Strokes are surprisingly common but nevertheless an extremely scary thing to happen to anyone. After someone that you care about has had a stroke, it’s important to focus on the small things that you can do to make life easier for them – this article will take you through three areas to focus on.
After a stroke, it’s important to focus on eating a healthy and balanced diet. This will speed up recovery and improve your elderly relative’s mental state. It’s good to incorporate as many whole foods as possible and lots of fresh fruit and vegetables. It’s best to avoid saturated fats and instead focus on getting lots of healthy fats from things like nuts, seeds, and avocado. It’s common to have eating difficulties after a stroke. You can develop a condition called dysphasia, but there are lots of things you can do to make eating and swallowing easier – check out exactly what dysphagia and other swallowing disorders on the Simply Holahan blog.
Smoothies and soups are a good idea as well as roasting or steaming vegetables to make them softer and easier to chew and digest. If your relative is having real problems with chewing and swallowing, an instant food thickener might be the best option. A thickening agent allows patients to swallow with better control – this is helpful for patients that would otherwise have to resort to a feeding tube.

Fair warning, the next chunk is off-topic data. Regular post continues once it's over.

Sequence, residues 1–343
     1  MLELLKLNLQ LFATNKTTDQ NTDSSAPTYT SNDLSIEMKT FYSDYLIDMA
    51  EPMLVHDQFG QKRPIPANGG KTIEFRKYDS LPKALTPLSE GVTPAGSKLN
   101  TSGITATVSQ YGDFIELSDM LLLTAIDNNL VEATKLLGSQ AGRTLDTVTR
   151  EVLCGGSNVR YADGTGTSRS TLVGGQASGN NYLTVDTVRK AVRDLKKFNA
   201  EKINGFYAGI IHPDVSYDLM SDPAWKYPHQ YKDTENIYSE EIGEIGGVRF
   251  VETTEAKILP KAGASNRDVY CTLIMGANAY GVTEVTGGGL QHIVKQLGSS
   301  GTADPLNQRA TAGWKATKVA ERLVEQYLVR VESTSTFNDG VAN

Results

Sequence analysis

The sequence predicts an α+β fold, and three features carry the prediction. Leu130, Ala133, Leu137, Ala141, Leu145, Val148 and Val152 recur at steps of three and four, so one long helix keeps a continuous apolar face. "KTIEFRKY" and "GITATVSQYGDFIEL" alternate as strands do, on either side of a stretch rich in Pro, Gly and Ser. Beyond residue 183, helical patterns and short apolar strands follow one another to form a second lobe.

Watch out for changes in your relatives’ mental health. This could be general mood changes or behavioral differences. Many stroke patients suffer from anxiety and depression as well as more general feelings of frustration, tiredness and a lack of motivation. It’s imperative to watch out for changes in your elderly relative’s mental state as they might not have the mental or physical capacity to communicate to you that they need psychiatric support as well as physical. It’s a good idea to communicate to your relative’s that you are open to hear any of their worries and that they should feel free to speak about how they are feeling without judgment.
Support groups are a great way to provide your elderly relative with companionship. Stroke survivors benefit from frequent social interaction and support groups can provide a space where your elderly relative can chat to other stroke survivors about their experiences. Support groups are a great place to find out about available resources for stroke survivors in your area, like meal delivery services, therapy services, and care workers. It’s important for your elderly relative to feel like their experience of surviving a stroke is heard and understood by others and it’s great if swapping and sharing stories can deepen connections to others in their community.
Caring for a stroke survivor can seem like a daunting task. It’s difficult to see your relative so ill and then on top of that, struggling with their quality of life after such a major health setback. These three tips should help to make things that little bit easier for both you and them.